CHARLOTTE, N.C. (Two Armus & Jane Wester//The Charlotte Observer) - The man arrested following a nine-hour standoff in south Charlotte Thursday had been released from county jail last week — even though immigration officials had placed a detainer on him, federal authorities say.
The case of Luis Pineda-Ancheta is the result of Mecklenburg County’s shifting policies on how local law enforcement does — or doesn’t — cooperate with federal officials on immigration enforcement.
Mecklenburg County Sheriff Garry McFadden effectively stopped collaborating with federal authorities on immigration enforcement, including on honoring detainers, following his election in November.
Pineda-Ancheta, 37, had refused to leave an apartment off Sharon Road West, barricading himself inside the walls, as police tried to serve him multiple warrants on domestic violence charges and a SWAT unit was called.
Barely a week earlier, he had been booked into jail on similar charges, allegedly against the same victim, and released on bond despite the detainer.
Immigration and Customs Enforcement officials had warned that the sheriff’s office decision would create a public safety risk by putting dangerous criminals back on the street — and this incident, they say, confirms that warning. Pineda-Ancheta, a native of Honduras, has been deported from the U.S. once before.
The warrants for his arrest Thursday were on charges of assault by strangulation, kidnapping, assault on a female, communicating threats and violation of a domestic violence protective order, according to jail records.
“When law enforcement agencies fail to honor immigration detainers and release serious criminal offenders onto the streets, it undermines ICE’s ability to protect public safety and carry out its mission,” said Sean Gallagher, who oversees ICE’s operations in Georgia and the Carolinas.
A district court judge issued a protective order to keep Pineda-Ancheta away from a woman on May 7, according to arrest warrants.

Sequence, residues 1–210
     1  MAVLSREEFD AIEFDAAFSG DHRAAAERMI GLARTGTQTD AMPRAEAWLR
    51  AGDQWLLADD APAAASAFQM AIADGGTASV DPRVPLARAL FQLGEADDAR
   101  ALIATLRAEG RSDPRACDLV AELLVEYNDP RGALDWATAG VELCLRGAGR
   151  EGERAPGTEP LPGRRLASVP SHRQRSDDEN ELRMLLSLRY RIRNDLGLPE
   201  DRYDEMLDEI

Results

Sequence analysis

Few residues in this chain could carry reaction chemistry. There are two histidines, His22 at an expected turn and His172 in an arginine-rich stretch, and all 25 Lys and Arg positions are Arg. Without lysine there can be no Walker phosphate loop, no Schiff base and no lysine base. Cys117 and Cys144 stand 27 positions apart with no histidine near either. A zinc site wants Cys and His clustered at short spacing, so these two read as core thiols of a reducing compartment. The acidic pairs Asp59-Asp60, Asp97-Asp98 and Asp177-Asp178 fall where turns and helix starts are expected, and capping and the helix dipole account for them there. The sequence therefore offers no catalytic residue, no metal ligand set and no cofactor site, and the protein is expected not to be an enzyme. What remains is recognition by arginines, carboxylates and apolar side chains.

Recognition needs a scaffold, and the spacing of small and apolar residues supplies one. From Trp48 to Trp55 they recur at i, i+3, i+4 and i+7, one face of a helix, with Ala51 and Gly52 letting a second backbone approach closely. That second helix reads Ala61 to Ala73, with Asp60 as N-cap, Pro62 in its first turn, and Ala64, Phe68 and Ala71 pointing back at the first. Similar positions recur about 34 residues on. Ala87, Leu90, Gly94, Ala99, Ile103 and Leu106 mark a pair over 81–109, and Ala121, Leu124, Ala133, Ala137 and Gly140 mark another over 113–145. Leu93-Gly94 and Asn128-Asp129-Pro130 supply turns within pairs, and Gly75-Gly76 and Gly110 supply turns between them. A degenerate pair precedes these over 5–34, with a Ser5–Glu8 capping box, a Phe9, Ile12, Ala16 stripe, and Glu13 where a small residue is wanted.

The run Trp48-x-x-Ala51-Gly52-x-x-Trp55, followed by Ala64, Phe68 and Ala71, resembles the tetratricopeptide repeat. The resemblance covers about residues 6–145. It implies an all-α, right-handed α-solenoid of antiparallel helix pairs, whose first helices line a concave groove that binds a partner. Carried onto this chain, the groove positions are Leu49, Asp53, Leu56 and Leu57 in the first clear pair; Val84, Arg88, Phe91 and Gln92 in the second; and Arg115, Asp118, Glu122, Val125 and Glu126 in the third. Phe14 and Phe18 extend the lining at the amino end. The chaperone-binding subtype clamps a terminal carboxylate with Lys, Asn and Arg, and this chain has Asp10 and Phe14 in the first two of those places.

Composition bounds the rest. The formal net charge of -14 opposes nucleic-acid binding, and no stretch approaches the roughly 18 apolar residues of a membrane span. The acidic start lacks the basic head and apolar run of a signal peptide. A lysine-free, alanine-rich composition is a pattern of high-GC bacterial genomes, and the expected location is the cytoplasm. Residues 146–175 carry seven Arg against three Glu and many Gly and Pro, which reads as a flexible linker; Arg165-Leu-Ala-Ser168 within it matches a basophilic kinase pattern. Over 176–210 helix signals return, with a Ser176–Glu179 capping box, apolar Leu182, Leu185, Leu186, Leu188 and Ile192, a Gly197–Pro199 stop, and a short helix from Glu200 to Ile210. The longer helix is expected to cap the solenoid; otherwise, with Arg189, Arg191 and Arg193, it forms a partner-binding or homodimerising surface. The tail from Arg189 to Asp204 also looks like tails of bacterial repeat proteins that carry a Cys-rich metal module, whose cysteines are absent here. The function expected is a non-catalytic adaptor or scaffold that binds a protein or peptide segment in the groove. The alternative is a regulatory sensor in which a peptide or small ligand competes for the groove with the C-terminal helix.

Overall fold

He was then arrested on May 15, when he was charged with assault on a female, communicating threats, felony larceny, simple assault and injury to personal property, according to jail records. ICE placed a detainer on him the following day, and he was released from jail one day later, on May 17.
Police say he committed another domestic assault against the same woman on May 21.
Pineda-Ancheta’s release is consistent with McFadden’s stated policy of noncooperation with ICE: Since his election, the sheriff’s office does not honor ICE detainers or notify ICE when it is releasing an inmate who has had a detainer placed on them.
The sheriff’s office refused to comment.
McFadden had campaigned on a policy of ending Mecklenburg’s participation in the controversial 287(g) program, which enables sheriff’s deputies to carry out immigration enforcement. Since 2006, that arrangement put over 15,000 immigrants living here illegally into deportation proceedings.
Immigration advocates have applauded his overall shift in policy, arguing that it increases trust of local law enforcement among immigrants, both with legal status or without it.
But McFadden didn’t just eliminate 287(g), which acts as a “force expansion” by allowing sheriff’s deputies to check the legal status of inmates.
He also stopped honoring ICE detainers, which keep inmates living here illegally locked up in jail — and then, allow ICE officers to take custody of those inmates. And like other newly elected North Carolina sheriffs, McFadden also stopped notifying ICE when inmates with detainers were released from jail.
It’s those moves that immigration officials have jumped on, particularly in recent months.
Gallagher, of ICE, said in December that McFadden’s decision to cut ties with ICE serves as an “open invitation” that says Mecklenburg County is now a “safe haven for persons seeking to evade federal authorities.”